Everyone has a dirty secret. Even that nice Mr Rochester had a big, fat, hairy pyromaniac skeleton in the back of his Victorian closet. It wasn't entirely his fault. If only his first wife had popped into town for a threading, a hairbrush and a Brazilian she might have kept Jane Eyre at bay. In real life, too, we have our own Berthas. Sometimes they fester away quietly out of sight. At other times they rise up noisily from their graves, waving ancient speeding tickets and baying for our blood.
The zeitgeist demands that we all show and tell our secrets, and recently the public airing of dirty laundry has become a mainstay of primetime television. Whether we're covering up stained beds with mattress protectors or camouflaging strained marriages with kinky sex, we all divulge our innermost secrets to The Hotel Inspector, The Sex Inspectors and good old Jeremy Kyle. It's impossible to switch channels without bumping into Brian from Barnsley who's too embarrassed to visit his GP but will happily whip out his bifurcated penis for 5 million viewers to see.
But in schools the urge to confide confidentialities hasn't fully caught on. We still like to keep our naughty secrets to ourselves. Even in an outstanding school like mine, we have characters that we hide away because if they came into the open we'd lose our Michelin stars - the kind of students who make the Bash Street Kids look like the Woodcraft Folk. They are so unmanageable we never put them on display. When the principal tours with prospective parents, they're tucked out of sight in case their scruffy uniforms and accents give the impression that we're too working class.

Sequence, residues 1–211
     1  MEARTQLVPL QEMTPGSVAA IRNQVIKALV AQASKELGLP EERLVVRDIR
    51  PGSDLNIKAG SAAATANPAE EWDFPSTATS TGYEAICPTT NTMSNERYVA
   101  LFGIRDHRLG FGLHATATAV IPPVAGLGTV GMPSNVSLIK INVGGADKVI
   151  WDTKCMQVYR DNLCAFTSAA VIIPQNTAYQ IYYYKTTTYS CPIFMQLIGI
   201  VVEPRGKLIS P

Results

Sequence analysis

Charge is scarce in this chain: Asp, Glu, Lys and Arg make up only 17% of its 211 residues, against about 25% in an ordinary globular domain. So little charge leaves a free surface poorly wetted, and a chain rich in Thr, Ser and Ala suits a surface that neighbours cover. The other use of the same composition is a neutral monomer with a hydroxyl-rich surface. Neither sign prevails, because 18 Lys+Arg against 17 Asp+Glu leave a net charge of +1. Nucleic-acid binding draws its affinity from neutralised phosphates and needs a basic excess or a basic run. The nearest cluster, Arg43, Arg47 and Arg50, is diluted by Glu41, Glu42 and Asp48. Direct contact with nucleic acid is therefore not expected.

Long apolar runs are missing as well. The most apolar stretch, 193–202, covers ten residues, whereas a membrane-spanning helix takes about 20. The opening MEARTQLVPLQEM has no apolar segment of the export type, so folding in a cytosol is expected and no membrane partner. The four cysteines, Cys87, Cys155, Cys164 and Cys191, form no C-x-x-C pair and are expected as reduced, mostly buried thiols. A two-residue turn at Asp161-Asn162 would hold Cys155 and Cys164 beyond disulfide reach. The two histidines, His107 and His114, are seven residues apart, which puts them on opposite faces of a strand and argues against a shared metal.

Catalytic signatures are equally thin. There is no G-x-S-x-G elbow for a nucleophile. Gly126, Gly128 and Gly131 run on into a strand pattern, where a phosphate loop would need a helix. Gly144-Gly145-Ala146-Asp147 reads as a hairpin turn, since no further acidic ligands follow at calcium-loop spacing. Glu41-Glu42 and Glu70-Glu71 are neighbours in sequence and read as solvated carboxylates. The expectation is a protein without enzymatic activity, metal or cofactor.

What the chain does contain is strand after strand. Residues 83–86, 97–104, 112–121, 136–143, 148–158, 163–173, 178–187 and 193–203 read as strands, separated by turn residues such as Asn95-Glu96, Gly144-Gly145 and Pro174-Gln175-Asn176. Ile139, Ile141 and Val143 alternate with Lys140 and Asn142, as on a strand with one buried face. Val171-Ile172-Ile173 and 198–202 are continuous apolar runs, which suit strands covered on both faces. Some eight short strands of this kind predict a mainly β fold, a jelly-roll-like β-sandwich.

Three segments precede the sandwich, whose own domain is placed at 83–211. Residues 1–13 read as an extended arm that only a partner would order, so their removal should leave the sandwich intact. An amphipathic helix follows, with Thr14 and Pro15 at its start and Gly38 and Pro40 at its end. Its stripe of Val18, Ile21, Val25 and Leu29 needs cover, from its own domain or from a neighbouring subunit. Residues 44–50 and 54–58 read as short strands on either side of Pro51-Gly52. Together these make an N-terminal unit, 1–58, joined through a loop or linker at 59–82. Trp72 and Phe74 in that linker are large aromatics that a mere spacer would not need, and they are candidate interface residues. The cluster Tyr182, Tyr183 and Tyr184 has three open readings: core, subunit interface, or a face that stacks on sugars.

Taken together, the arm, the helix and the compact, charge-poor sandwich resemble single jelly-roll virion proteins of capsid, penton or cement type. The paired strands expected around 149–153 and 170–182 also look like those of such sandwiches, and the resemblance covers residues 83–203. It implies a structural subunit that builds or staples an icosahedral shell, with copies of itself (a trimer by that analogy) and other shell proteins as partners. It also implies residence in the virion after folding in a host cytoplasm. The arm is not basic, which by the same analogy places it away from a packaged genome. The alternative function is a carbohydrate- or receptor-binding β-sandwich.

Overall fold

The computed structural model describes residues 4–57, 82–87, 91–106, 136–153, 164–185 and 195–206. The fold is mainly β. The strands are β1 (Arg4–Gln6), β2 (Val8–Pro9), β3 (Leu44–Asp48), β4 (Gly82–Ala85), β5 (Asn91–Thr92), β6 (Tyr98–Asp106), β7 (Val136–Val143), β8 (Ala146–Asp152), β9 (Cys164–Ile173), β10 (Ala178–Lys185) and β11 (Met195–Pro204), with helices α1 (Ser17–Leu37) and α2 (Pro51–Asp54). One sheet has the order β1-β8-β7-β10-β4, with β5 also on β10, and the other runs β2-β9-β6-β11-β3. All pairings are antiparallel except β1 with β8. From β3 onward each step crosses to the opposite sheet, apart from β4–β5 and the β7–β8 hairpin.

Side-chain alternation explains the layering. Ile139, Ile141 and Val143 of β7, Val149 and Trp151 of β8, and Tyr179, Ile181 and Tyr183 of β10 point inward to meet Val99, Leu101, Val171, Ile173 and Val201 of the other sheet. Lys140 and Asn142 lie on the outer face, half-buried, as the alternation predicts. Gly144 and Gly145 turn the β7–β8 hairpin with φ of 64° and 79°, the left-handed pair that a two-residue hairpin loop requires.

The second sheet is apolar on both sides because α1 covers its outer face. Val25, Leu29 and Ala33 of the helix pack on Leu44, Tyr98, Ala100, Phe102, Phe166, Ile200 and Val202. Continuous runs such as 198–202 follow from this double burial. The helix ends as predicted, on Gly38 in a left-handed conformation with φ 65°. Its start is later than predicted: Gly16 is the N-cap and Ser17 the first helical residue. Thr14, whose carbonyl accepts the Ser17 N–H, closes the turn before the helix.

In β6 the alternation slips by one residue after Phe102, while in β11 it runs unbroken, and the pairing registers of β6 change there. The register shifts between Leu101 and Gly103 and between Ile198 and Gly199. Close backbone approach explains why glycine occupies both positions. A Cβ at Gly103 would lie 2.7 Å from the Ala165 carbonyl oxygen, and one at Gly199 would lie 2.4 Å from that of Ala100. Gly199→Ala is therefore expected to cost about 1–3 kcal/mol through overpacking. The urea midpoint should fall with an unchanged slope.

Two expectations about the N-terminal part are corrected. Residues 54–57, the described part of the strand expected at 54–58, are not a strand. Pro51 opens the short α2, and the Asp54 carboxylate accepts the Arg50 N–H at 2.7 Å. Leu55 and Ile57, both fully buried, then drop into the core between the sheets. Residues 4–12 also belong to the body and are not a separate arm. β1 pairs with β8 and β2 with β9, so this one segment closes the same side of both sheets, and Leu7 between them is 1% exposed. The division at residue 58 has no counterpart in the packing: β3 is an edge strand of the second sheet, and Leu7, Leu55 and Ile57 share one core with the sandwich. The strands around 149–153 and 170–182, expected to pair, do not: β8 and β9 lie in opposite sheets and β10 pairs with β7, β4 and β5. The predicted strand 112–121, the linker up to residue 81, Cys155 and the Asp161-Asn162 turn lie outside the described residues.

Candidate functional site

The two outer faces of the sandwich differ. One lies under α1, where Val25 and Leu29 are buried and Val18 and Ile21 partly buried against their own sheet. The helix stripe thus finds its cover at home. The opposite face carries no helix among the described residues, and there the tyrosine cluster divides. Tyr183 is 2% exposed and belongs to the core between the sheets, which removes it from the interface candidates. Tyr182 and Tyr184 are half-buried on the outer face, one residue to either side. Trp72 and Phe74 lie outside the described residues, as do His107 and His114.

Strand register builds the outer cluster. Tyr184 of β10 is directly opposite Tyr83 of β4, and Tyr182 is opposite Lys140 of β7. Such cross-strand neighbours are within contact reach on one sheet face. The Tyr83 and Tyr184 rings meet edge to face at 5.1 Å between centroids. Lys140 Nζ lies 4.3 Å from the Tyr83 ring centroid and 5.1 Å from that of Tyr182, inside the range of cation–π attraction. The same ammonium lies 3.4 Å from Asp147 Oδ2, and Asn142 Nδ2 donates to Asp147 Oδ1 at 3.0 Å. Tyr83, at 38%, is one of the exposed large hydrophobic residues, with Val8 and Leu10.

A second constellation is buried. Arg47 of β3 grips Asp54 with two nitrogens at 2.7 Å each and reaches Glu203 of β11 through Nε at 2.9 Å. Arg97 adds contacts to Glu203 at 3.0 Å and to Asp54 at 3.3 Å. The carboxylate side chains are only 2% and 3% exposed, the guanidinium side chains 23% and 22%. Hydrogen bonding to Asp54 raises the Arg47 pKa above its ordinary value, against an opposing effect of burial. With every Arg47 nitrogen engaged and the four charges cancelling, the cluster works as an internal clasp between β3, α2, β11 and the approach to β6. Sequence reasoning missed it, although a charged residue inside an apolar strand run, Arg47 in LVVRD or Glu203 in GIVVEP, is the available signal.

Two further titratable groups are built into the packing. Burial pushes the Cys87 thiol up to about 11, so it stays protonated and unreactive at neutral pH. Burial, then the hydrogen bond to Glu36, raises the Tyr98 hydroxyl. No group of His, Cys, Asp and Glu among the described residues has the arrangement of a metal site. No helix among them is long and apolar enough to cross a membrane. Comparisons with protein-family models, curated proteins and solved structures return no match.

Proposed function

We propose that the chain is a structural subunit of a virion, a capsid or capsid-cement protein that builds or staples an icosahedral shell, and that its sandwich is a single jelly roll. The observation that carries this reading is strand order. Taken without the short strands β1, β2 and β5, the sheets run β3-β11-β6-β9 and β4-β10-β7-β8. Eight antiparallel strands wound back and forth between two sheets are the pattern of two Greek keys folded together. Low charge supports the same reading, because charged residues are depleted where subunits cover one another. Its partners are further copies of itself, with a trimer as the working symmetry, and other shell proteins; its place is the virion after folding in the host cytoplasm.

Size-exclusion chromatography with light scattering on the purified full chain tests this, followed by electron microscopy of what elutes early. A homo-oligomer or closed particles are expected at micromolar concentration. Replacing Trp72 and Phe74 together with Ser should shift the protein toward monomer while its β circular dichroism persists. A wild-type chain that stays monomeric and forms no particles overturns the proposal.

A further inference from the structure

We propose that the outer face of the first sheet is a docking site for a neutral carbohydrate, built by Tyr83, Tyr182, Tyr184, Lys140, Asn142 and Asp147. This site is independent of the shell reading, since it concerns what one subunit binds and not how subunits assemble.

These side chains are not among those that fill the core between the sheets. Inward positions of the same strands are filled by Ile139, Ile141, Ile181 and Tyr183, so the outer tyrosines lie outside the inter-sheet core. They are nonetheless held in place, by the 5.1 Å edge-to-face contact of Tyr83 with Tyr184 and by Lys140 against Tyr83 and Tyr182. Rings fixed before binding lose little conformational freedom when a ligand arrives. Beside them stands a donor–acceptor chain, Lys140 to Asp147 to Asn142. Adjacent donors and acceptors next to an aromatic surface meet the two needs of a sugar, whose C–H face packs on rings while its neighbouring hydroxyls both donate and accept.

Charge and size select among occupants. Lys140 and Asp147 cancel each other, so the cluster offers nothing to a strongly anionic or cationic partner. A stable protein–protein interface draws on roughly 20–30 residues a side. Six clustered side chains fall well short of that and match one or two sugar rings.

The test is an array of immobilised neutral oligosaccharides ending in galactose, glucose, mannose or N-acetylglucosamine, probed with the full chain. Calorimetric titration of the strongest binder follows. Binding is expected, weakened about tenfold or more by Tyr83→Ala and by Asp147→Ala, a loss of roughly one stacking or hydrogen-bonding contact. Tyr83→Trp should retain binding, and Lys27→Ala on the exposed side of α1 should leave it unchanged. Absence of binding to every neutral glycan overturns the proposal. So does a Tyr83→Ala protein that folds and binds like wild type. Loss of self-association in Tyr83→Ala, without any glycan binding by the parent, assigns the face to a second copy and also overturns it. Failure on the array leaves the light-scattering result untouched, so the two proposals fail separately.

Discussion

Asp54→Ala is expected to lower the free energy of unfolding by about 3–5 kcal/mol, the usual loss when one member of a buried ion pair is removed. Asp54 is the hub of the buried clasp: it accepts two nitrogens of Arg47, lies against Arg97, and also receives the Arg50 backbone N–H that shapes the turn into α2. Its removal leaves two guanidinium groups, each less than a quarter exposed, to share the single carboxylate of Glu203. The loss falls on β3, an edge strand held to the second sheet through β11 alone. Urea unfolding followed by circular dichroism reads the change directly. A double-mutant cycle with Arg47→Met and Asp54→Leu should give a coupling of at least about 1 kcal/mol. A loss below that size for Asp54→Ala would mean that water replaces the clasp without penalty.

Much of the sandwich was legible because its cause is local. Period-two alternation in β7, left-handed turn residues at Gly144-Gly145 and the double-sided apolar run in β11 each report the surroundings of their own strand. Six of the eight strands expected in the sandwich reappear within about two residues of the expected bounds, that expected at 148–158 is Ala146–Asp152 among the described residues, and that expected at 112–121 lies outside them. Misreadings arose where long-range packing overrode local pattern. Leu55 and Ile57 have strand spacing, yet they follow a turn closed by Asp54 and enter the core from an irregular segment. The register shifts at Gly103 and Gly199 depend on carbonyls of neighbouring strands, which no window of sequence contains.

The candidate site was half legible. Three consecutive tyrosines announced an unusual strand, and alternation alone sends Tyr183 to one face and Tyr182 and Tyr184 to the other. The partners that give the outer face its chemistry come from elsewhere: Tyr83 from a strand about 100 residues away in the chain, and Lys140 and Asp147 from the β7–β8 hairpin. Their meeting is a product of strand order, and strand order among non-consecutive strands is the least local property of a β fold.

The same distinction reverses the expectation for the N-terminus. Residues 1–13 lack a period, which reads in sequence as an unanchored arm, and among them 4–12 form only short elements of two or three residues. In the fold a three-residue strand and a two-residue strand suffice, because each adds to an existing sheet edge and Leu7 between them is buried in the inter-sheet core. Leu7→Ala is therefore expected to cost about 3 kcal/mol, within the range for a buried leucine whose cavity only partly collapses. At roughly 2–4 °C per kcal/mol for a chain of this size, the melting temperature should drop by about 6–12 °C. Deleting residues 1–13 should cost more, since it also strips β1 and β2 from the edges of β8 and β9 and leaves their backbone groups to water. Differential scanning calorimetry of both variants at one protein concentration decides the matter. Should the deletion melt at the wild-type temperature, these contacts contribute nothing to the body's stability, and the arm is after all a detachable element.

It's not that they're violent or anything, they just don't follow school rules. They either treat your classroom like an extension of the dinner hall - producing crisps out of their blazer pockets like a magician pulling out scarves - or sit surreptitiously filming your backside from the least complimentary angle. Managing their antisocial behaviour takes all your skill.
My own Achilles heel is Charlotte. She's my tattoo-eyebrowed, false-eyelashed Moriarty. She arrives late every lesson clutching a deputy head's report that she slaps on my desk like she's challenging me to a duel. It's supposed to keep her in check, but as a behaviour management tool it's on a par with feeding Kalms to a polar bear after you've pinched its fish. Within seconds she starts on the SEN kid in specs. "What ya lookin' at?" she demands when the unfortunate cast in his eye skews a glance in her direction. He responds by staring fixedly at the floor. "Oi, boggle eyes, look at me when I'm talkin' to ya." He glances at me for help, but I'm too busy trying to intercept a Nike bag that's being flung around the room.
I look around. Half the girls are applying foundation while the lads are forming mauls. From here it doesn't feel like outstanding; nobody is making progress - they're simply making a mess.
Classes like these are our dirty little secrets. We'll share videos of our exemplary teaching but these lessons are kept under wraps. In terms of good reflective practice, it would make more sense to reveal what goes on in our most Embarrassing Classrooms than to upload yet more self-congratulatory footage of differentiated challenge, rapid progression and 30 kids waving their hands in the air like a bunch of synchronised swimmers. Alternatively, we can keep these things hidden in the dark and hope the bad kids never find the matches.
Anne Thrope (Ms) is a secondary teacher in the North of England. @AnnethropeMs.